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There should be no distinction between a married and an unmarried woman when it comes to all citizens’ equal right to care, and the 'moralities' of how the pregnancy happened should not matter.
‘Termination of pregnancy’ has always been a cultural, religious and emotional issue in most cultures, and the questions asked can be very intrusive and traumatising.
Having experienced this both as a married woman and a single woman I know the awkwardness of the questions asked for this by the healthcare workers. Questions about sexual activity, legal status of the relationship sometimes even asking the man to be present there in person for ‘permitting’ this procedure.
A woman’s right on her body, her uterus and its ability to reproduce has come into global focus earlier this year when the US Supreme Court decision overturned the 1973 Roe v. Wade decision paving the way for about half of the 50 US states to ban or heavily restrict women’s access to abortions.
The Medical Termination of Pregnancy Act of 1971 and the Rules of 2003 earlier prohibited unmarried women between 20 weeks to 24 weeks pregnant from legally availing of a safe abortion.
So, to put it clearly, until now, abortion was allowed up to 20 weeks in both married and unmarried women, but up to 24 weeks only in
Now, with this judgement, unmarried women also have a right to accessing an abortion up to 24 weeks.
To quote more from the judgement – “Reproductive rights include
This landmark judgement is a huge relief to me personally today and to thousands of single sexually active women, that an unmarried woman can seek termination of pregnancy of up to 24 weeks term in a consensual relationship, not just if there was a breach of consent.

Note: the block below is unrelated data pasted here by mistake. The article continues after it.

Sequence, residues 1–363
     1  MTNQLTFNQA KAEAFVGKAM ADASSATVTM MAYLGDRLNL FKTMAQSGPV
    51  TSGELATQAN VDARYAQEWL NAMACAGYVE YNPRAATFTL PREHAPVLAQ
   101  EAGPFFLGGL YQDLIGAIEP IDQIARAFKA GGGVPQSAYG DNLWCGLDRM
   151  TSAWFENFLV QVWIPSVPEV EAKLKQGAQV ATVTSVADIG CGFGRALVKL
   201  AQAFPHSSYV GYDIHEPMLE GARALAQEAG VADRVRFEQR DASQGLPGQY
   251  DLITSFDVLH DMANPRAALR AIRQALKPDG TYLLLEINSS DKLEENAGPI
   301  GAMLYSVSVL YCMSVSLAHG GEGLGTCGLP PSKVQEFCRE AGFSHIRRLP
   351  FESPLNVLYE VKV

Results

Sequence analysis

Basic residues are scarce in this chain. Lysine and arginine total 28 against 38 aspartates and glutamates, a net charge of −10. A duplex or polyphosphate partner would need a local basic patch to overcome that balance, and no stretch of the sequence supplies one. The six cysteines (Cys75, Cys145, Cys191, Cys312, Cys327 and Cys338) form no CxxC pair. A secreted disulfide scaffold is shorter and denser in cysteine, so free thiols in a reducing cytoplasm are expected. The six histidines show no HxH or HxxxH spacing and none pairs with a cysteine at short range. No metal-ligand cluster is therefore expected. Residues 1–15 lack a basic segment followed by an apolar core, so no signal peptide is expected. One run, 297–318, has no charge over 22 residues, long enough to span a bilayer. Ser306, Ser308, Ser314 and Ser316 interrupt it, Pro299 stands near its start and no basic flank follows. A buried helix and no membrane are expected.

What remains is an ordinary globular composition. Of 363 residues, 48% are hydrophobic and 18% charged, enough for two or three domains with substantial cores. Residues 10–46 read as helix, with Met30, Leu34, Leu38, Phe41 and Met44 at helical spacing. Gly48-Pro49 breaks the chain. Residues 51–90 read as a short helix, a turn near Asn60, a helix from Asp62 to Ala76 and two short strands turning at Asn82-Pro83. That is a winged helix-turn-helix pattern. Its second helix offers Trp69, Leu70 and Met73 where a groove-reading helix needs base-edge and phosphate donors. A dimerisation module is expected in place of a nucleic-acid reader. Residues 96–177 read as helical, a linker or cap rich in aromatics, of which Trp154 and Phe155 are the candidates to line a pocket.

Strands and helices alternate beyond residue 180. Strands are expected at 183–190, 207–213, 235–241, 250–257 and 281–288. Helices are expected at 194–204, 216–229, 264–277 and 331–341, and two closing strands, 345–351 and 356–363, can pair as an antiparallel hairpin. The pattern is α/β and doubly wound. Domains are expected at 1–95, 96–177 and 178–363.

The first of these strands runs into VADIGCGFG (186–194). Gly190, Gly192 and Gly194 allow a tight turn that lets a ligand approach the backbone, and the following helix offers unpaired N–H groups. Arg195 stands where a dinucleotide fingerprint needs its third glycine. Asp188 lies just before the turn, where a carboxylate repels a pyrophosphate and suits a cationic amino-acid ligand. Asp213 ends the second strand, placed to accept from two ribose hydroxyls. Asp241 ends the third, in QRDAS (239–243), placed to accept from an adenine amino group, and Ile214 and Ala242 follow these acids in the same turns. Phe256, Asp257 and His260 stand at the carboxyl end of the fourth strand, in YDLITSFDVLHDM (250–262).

The Supreme Court of India has upheld the rights of bodily autonomy of a single woman as paramount, and equivalent to those of a married woman, something feminists have struggled for in their demand for reproductive rights.
Contraception usage is still low in India and hence the onus of an unwanted pregnancy is often on the uterus-bearer and birthgiver. Unmarried women denied the right to safe abortions then often resort to unsafe methods and the grey market of illegal abortions.
Statistics suggest that about eight women die everyday in India due to unsafe abortions. Between 2007-2011 about 67% of all abortions carried out in India have been considered unsafe by several studies.
The issue has been highlighted by gender right activists from time to time. To bridge this disparity, in the earlier 2021 amendments the word ‘partner’ was included in the law to include women who are not married to their sexual partner.
It is crucial that law and healthcare becomes inclusive of women who become pregnant outside the ambits of marriage as well. If the medical risks of any such procedure are the same for any woman, married or unmarried, then why should a legal marital status be used to discriminate in the care and services offered to them?
This right is now extended to any pregnancy even if it has resulted from a consensual relationship. There should be no distinction between a married woman and an unmarried woman when it comes to all citizens’ equal right to care, and the ‘moralities’ of how the pregnancy happened should not matter.
Justice DY Chandrachud delivering this groundbreaking judgement read an excerpt that said “the interpretation of the MTP act has to reflect the social realities. Social norms change and evolve as a society evolves and laws must match with the needs of the time. Prohibiting single or unmarried pregnant women from accessing abortion while allowing married women with the same term of pregnancy to access healthcare was a violation of Article 14 which gives the right to equality before law and equal protection.